Andrews University helping revitalize historic downtown Buchanan

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BUCHANAN, Mich. -- The city of Buchanan enlisting the help of Andrews University to revitalize their historic downtown and bring more economic development into the area.

It’s part of the city commission’s Master Plan and a recent survey of residents found that many said they chose to live in Buchanan for its small town atmosphere, but they’d like to see more retail and dining options.

Graduate students from Andrews University’s Urban Design Studio made their first visit to Buchanan this week for the semester-long partnership to draw up designs for how to reimagine the historic stretch of downtown.

“We got to see the historic fabric that’s unique in Buchanan and a lot of authentic locations – especially McCoy Creek, you don’t really often have a town center like this – there’s a river right behind Buchanan that I think hasn’t been fully tapped into yet as far as its opportunity,” said Andrew von Maur, Professor of Architecture at Andrews University.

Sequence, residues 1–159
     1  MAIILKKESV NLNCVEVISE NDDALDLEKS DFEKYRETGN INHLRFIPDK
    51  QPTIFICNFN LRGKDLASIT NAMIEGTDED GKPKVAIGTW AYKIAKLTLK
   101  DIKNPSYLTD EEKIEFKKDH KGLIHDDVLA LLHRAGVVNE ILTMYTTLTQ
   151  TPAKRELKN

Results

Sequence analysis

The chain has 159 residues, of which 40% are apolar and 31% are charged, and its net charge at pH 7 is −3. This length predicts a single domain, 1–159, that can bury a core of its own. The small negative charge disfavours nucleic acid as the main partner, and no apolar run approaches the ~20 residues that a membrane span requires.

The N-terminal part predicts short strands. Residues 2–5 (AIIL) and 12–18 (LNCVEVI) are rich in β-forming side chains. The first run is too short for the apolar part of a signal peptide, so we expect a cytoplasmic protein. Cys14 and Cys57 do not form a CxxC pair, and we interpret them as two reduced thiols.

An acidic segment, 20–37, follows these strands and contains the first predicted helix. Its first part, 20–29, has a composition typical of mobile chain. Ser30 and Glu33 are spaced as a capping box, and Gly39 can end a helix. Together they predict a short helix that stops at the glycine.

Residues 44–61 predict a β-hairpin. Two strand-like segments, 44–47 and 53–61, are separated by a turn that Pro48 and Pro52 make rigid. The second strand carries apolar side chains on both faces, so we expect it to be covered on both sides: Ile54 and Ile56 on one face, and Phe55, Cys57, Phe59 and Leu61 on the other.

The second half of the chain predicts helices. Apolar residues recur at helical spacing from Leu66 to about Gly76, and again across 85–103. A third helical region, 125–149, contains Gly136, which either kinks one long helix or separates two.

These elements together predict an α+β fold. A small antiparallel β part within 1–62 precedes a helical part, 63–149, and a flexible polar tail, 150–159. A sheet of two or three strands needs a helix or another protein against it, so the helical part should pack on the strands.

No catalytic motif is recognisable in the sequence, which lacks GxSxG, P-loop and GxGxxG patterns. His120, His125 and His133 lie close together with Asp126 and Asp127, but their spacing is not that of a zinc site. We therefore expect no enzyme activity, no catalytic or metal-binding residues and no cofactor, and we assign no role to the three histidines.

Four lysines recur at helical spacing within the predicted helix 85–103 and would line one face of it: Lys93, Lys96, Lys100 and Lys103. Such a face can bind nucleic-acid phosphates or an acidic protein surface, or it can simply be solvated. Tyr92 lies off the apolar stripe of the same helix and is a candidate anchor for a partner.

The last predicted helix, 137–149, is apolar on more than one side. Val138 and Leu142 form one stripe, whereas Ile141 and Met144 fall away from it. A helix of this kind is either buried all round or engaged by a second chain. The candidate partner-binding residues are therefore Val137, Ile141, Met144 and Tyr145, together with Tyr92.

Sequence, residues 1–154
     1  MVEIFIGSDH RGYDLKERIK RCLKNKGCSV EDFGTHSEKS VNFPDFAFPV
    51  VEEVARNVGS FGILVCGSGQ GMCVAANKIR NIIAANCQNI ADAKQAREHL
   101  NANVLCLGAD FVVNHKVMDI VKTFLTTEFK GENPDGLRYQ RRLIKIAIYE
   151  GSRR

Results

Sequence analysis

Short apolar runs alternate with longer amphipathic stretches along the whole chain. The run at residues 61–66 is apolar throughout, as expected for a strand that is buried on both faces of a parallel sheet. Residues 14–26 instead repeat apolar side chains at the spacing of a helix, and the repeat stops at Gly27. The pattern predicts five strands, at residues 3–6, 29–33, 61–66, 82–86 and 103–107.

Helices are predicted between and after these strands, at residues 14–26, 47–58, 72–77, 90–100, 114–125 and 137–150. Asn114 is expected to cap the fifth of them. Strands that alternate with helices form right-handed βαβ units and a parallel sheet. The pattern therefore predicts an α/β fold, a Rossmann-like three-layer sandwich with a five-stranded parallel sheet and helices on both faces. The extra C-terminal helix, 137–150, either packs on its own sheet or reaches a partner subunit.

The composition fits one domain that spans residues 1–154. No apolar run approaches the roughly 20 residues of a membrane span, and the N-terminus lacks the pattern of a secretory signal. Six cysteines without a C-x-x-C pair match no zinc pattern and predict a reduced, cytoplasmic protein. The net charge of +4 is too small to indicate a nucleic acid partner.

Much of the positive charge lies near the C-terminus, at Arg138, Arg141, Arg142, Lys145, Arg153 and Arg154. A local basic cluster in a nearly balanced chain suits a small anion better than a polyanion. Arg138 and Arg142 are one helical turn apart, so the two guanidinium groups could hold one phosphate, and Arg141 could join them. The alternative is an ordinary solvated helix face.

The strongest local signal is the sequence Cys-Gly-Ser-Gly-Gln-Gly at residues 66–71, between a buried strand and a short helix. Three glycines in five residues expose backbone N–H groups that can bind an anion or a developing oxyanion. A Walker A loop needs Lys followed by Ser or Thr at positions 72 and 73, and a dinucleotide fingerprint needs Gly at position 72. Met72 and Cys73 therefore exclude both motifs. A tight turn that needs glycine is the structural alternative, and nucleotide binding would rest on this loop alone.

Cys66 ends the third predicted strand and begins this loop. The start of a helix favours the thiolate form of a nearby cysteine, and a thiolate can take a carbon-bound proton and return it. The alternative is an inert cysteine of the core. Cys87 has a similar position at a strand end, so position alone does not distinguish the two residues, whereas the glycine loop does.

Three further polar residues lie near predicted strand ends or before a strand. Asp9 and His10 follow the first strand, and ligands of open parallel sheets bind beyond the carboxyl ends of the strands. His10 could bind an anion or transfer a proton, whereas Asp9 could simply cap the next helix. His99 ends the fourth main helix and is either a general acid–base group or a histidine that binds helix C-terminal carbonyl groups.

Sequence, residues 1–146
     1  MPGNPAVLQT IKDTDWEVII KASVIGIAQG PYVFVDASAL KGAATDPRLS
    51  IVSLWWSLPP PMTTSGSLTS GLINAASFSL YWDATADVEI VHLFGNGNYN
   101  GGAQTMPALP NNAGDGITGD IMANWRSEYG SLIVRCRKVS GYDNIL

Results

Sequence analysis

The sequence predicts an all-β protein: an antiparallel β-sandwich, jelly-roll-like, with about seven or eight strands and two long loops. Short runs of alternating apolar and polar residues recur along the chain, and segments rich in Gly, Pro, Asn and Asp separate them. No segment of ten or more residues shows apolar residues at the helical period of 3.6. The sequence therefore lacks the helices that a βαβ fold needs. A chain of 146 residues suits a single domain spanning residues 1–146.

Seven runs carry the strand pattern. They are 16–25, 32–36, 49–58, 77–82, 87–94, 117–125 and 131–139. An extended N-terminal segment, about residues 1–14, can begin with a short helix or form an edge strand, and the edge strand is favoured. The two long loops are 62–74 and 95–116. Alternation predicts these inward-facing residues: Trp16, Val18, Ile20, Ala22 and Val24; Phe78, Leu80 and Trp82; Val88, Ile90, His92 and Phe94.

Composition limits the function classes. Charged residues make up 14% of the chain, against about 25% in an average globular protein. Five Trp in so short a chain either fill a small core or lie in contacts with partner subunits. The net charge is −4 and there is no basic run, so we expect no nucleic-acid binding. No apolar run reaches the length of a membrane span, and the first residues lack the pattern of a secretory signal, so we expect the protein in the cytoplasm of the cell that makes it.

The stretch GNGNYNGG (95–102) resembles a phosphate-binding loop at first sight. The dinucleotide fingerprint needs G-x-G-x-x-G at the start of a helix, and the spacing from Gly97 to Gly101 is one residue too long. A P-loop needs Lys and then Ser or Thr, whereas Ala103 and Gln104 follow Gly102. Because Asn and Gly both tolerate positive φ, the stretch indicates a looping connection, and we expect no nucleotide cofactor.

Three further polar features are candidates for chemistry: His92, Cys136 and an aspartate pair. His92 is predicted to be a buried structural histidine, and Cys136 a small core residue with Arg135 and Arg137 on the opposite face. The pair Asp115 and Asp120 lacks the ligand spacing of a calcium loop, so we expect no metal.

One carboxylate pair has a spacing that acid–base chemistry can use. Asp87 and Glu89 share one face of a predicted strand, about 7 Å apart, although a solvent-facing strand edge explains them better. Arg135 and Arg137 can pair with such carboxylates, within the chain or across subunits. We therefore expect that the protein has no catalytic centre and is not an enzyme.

While Buchanan has already restored many old, vacant buildings that are now filled by local businesses, officials recruited these students to lend their design eye in finishing the job.

“How to utilize some of the buildings that aren’t full, we have the Ross Sanders building that we’re looking to do renovations to and hopefully the students will be able to help us figure out, they see things that we haven’t which is what’s really refreshing,” said Mayor Sean Denison.

One already bustling industry is recreational marijuana, something Mayor Denison said has been a great economic driver, but isn’t going to necessarily boost tourism.

“We need something for people to do once they get here, so we’re trying to find ways to use buildings we already have for those people to eat, shop,” said Denison. “A lot of what we’re hearing is the community feels we’re saturated with cannabis retail and they’d like to see other things.”

As for why Buchanan was chosen?

Professor von Maur said architecturally interesting communities like it fit all the criteria for his class’s latest project.

“Small towns like this that have good bones, with unique settings and historic buildings that are walkable and there’s some things to do, we’re excited about working with the city and identifying those opportunities,” said von Maur.

Buchanan does still have its survey open for residents’ input on downtown development and the students at Andrews expect to have their design blueprint finished by April.

The city will hold public events for more community input as well.

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